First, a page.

Black Rebel Motorcycle Club
photos : Alex Staszko
Six months after Black Rebel Motorcycle Club last played Manchester’s Ritz in 2010 the band were hit hard by the sudden death of Michael Been; sound engineer and father of core member Robert. Nonetheless, named as one of the hardest working bands of modern times, they honoured a tour before taking justified time out. The last two years have seen them sculpting cathartic writings into their seventh studio album Specter at the Feast and, released one week before the gig, they were here to show it off to Manchester’s rock and rollers.
It’d be safe to say BRMC blew the fucking roof off the Ritz three years ago and the heady buzz of anticipation for a repeat performance was tangible throughout the packed-in crowd.
They opened quietly with the first track from the new album “Fire Walker”; a slow beautiful track with Been’s fuzzy bass complimenting his warm voice and vocal harmonies from the rest of the band. The faster paced new track “Rival” followed and the crowd responded with a frenzied mosh-pit sending over-priced beer into arching showers, setting the scene for the rest of the gig. BRMC always give quality for ticket price and over the two hour set they delivered a stonking 23 tracks.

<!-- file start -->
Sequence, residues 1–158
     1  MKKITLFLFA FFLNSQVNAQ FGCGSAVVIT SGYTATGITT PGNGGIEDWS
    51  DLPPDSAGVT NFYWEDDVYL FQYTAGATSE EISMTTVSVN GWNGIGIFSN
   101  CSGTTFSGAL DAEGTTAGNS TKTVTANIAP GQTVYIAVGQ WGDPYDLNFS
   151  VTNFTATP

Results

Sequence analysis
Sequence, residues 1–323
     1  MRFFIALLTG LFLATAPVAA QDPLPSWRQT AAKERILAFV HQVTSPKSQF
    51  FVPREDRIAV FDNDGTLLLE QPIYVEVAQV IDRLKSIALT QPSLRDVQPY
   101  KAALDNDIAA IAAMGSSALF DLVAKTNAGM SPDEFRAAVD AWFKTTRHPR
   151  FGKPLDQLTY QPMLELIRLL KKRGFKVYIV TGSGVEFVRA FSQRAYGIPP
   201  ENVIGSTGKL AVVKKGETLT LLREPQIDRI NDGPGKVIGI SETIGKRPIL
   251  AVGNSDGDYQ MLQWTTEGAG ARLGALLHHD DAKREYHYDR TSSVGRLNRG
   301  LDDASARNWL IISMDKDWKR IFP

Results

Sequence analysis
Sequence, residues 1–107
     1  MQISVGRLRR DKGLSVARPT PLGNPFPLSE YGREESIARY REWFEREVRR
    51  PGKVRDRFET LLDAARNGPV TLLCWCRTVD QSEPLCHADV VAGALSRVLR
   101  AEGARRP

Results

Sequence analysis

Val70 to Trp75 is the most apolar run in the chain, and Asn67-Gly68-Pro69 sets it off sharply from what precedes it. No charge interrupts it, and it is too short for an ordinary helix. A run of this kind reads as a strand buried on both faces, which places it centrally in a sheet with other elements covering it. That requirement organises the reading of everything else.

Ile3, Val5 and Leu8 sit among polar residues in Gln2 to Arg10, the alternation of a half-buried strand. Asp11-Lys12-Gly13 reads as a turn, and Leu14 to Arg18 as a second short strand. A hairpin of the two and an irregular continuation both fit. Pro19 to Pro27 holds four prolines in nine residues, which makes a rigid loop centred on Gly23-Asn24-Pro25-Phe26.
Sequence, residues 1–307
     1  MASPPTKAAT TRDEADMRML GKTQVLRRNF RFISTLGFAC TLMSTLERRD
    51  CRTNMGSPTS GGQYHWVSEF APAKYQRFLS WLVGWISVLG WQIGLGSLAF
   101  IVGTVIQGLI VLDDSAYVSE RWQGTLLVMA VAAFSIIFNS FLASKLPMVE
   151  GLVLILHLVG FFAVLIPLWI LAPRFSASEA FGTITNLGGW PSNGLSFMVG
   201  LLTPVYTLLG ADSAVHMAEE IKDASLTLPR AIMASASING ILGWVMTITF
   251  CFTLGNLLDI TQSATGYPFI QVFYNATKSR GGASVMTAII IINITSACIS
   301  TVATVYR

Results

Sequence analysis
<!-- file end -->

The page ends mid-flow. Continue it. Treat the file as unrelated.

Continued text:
The nine off the new album paid homage to their ability to equally evoke tears or the feeling of omnipotence in the listener; the fevered moshing was certainly evidence of the latter. The expected early favourites “Whatever Happened to my Rock & Roll (Punk Song)” and “Spread Your Love” ensured the venue’s rafters were rattled and the bouncy dance-floor tested to the max. Been seemed immersed in his work for most of the set with only little acknowledgement of the audience, oblivious to the usual tense looks sent his way by the shyer guitarist Hayes, yet the audience lapped him up; here the feed is from the music, not in platitudes and on-stage banter. Pocket-sized stickstress Leah Shapiro thundered away with an anxious concentration, dwarved by her new custom-built Sonor drumkit, particularly impressive while setting the beat on the encore for “Sell it”. They closed with the new heart wrenching “Lose Yourself”; I swear next time they tour this will have grown men crying.
Call me biased, but every time I’ve seen BRMC live I’ve left with the feeling that I’ve just witnessed something very special, and on that vulgarly cold Sunday evening I know I was not alone. I’ve tried everything else, it all comes back to rock & roll.